John Wiley & Sons Managing Project Risks Cover A comprehensive overview of project risk management, providing guidance on implementing and improvin.. Product #: 978-1-119-48975-7 Regular price: $85.89 $85.89 Auf Lager

Managing Project Risks

Edwards, Peter J. / Vaz Serra, Paulo / Edwards, Michael

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1. Auflage Oktober 2019
288 Seiten, Hardcover
Wiley & Sons Ltd

ISBN: 978-1-119-48975-7
John Wiley & Sons

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A comprehensive overview of project risk management, providing guidance on implementing and improving project risk management systems in organizations

This book provides a comprehensive overview of project risk management. Besides offering an easy-to-follow, yet systematic approach to project risk management, it also introduces topics which have an important bearing on how risks are managed but which are generally not found in other books, including risk knowledge management, cultural risk-shaping, project complexity, political risks, and strategic risk management. Many new concepts about risk management are introduced. Diagrams and tables, together with project examples and case studies, illustrate the authors' precepts and ideas.

Each chapter in Managing Project Risks begins with an introduction to its topic and ends with a summary. The book starts by providing an understanding and overview of risk and continues with coverage of projects and project stakeholders. Ensuing chapters look at project risk management processes, contexts and risk drivers, identification, assessment and evaluation, response and treatment options, and risk monitoring and control. One chapter focuses entirely on risk knowledge management. Others explore the cultural shaping of risk, political risk in projects, computer applications, and more. The book finishes by examining the current state and potential future of project risk management.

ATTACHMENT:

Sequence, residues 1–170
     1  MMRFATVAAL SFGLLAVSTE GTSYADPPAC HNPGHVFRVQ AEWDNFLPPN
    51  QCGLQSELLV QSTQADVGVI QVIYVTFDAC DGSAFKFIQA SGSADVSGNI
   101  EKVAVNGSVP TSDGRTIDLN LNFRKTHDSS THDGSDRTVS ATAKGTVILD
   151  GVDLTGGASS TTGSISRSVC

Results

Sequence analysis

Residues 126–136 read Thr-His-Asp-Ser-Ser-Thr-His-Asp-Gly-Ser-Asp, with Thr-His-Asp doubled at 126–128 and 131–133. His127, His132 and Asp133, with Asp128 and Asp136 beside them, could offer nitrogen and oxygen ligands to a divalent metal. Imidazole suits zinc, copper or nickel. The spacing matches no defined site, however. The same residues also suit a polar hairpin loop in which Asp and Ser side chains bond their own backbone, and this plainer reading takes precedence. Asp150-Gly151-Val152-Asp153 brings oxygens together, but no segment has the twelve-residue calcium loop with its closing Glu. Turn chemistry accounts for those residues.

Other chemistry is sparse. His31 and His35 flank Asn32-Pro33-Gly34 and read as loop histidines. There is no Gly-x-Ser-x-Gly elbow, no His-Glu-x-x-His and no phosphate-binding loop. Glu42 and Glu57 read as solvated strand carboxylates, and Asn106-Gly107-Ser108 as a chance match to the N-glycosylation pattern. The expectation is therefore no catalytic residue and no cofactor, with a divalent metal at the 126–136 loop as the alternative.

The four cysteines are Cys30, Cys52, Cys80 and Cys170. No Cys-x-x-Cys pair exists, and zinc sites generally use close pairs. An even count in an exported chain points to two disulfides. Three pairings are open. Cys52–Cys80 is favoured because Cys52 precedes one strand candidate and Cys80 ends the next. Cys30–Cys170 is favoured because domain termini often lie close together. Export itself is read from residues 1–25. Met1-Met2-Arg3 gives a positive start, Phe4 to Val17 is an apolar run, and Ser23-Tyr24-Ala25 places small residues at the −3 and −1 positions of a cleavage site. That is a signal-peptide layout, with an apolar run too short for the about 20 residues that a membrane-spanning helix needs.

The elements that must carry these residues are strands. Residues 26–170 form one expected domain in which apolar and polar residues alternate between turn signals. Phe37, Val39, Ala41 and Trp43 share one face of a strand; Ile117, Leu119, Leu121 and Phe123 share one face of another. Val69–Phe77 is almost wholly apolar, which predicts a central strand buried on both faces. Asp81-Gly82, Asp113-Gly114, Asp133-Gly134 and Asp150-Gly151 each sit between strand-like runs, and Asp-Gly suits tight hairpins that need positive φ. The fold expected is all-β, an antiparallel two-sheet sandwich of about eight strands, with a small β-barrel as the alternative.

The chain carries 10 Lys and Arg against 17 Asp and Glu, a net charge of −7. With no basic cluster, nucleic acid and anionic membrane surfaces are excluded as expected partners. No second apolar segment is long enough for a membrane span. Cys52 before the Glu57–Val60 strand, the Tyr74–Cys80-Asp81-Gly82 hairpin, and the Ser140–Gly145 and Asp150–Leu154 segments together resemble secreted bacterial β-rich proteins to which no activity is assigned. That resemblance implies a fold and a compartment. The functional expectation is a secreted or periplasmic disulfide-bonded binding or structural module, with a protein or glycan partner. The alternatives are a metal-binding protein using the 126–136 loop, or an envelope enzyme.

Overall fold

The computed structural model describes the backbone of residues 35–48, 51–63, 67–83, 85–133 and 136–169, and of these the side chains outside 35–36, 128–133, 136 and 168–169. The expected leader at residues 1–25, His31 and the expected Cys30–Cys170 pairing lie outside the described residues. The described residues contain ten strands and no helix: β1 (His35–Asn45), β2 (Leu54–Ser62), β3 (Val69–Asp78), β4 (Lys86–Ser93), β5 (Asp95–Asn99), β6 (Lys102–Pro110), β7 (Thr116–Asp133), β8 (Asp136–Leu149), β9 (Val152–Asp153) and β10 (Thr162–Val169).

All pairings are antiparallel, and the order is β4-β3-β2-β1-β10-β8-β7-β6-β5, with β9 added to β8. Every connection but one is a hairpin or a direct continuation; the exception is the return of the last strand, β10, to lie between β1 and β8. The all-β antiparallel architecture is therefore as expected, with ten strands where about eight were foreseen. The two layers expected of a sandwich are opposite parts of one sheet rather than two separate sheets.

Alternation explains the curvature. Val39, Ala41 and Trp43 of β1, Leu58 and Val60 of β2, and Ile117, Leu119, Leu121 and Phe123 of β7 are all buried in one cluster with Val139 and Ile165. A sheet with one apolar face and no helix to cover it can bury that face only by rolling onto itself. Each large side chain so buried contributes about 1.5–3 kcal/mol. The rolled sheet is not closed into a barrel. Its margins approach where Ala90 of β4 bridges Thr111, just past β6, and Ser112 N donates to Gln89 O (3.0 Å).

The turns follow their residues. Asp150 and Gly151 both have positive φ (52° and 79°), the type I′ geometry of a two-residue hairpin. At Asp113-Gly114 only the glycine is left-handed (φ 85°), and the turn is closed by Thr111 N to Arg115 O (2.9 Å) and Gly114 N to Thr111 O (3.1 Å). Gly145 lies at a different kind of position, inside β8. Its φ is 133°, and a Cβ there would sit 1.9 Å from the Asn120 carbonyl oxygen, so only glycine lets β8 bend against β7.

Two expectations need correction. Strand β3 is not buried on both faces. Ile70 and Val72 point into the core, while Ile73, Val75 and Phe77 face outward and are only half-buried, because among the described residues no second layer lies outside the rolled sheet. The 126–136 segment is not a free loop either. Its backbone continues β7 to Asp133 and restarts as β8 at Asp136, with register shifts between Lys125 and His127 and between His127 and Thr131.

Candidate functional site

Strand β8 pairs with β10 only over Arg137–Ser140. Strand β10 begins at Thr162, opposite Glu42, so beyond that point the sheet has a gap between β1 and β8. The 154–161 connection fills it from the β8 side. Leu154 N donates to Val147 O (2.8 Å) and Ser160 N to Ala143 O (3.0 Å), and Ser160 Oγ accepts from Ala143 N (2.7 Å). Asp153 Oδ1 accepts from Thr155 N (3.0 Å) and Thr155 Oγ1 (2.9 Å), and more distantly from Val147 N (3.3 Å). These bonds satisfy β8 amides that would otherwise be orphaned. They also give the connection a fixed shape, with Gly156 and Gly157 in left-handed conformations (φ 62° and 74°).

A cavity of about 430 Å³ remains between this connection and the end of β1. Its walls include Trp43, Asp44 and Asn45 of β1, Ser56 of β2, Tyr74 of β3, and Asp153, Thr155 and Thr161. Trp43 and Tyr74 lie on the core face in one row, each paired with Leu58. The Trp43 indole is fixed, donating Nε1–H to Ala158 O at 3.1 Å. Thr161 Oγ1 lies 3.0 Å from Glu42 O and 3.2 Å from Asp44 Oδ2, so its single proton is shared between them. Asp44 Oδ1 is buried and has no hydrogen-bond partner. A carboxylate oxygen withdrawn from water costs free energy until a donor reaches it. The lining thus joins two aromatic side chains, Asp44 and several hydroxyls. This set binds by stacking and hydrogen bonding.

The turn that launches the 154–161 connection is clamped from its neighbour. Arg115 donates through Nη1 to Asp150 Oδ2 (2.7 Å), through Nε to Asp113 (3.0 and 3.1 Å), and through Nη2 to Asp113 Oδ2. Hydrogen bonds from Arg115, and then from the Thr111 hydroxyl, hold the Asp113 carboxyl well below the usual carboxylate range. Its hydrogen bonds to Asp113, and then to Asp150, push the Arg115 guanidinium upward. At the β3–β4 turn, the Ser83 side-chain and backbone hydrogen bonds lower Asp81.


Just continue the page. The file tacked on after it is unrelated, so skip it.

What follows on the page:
In essence, this book:
* Effectively communicates a conceptual and philosophical understanding of risk
* Establishes the nature of projects and the stakeholders involved in them
* Presents a systematic and logically progressive approach to the processes of project risk management
* Demonstrates how to recognize the drivers of project risks and the factors which shape them
* Emphasizes the importance of capturing and exploiting project risk knowledge
* Provides guidance about implementing and building (or improving) project risk management systems in organizations

Managing Project Risks will benefit practitioners and students of project management across a wide range of industries and professions.

Acknowledgements

Preface

Glossary of Terms

Chapter 1 Introduction

1.1 Chapter introduction

1.2 The project perspective

1.3 The project stakeholder perspective

1.4 Overview of contents

1.5 Limitations caveat

Chapter 2 An Overview of Risk

2.1 Chapter introduction

2.2 Risk definitions

2.3 Threat and Opportunity

2.4 Risk and uncertainty

2.5 The dynamic nature of risk

2.6 Psychology and perceptions of risk

2.7 Risk awareness

2.8 Classifying risk

2.9 Risk communication